The U.S. Justice Department ordered the FBI to begin tracking crimes by its informants more than a decade ago, after the agency admitted that its agents had allowed Boston mobster James “Whitey” Bulger to operate a brutal crime ring in exchange for information about the Mafia. The FBI submits that tally to top Justice Department officials each year, but has never before made it public.

Agents authorized 15 crimes a day, on average, including everything from buying and selling illegal drugs to bribing government officials and plotting robberies. FBI officials have said in the past that permitting their informants — who are often criminals themselves — to break the law is an indispensable, if sometimes distasteful, part of investigating criminal organizations.

To read the full story click here.

FBI Paid Informants $500,000, Ignored Crimes in Weak Racketeering Case, Defense Lawyer Argued

Steve Neavling
ticklethewire.com 

The FBI spent more than $500,000 on informants and ignored their crimes to build a racketeering case that has “been on life support” for years, a veteran mob attorney said Monday, the Associated Press reports.

During closing arguments for the trial involving La Cosa Nostra under reputed boss Joseph “Uncle Joe” Ligambi, defense attorney Edwin Jacobs Jr. said the FBI’s case is shoddy.

“Things changed in 1999. They just don’t want to admit it. This indictment … has no guns, no knives, no explosives, no beatings, no killings,” Jacobs said, the AP reported. “You got nothing but some gambling talk and a couple of angry conversations.”

Deliberations are expected to begin today.

Prosecutors accuse Ligambi of operating an illegal enterprise centered on loansharking, sports betting and illegal video poker machines, the AP wrote. Anyone who didn’t pay up were threatened to be chopped up.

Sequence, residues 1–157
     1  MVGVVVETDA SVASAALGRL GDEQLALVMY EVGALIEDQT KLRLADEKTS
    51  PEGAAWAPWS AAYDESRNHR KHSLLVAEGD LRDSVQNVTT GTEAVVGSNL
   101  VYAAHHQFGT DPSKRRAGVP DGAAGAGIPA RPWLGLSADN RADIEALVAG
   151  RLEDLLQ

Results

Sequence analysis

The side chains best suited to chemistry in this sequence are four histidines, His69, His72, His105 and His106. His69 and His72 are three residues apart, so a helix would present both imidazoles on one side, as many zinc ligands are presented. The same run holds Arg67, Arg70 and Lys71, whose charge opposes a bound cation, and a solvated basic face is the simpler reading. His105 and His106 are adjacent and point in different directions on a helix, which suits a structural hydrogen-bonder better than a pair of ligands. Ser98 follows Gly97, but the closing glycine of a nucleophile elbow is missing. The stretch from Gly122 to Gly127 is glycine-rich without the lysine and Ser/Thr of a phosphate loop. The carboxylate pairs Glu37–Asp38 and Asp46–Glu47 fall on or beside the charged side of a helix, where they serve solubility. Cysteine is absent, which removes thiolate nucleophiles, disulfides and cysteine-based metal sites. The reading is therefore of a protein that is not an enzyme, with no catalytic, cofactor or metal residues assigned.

“The defense wants you to believe everyone in South Philadelphia talks like that every day of the week. That’s an insult to your intelligence,” Assistant U.S. Attorney John Han told jurors Monday.

Closing arguments concluded three months of testimony.

Feds Aren’t Tracking Data on Frequency of Informants Breaking Law for Government

Steve Neavling
ticklethewire.com

ATF and the DEA don’t track how often informants are given authority to commit a crime, the USA Today reports.

While the Justice Department imposes stringent limits on when and how informants for various federal agencies are allowed to break the law on the government’s behalf, an open-records request reveals that neither the ATF nor the DEA stockpile information on such cases, according to USA Today.

The issue came to light in the midst of the bungled “Fast and Furious” gun-trafficking operation that allowed 2,000 weapons to reach the hands of suspected cartels.

“The way we use confidential informants is a huge aspect of the daily operation and also the legitimacy of the criminal justice system,” said Alexandra Natapoff, a professor at Loyola Law School Los Angeles. “It’s insane that even the law enforcement agencies that actually carry out this policy may not always know how their operatives are doing it.”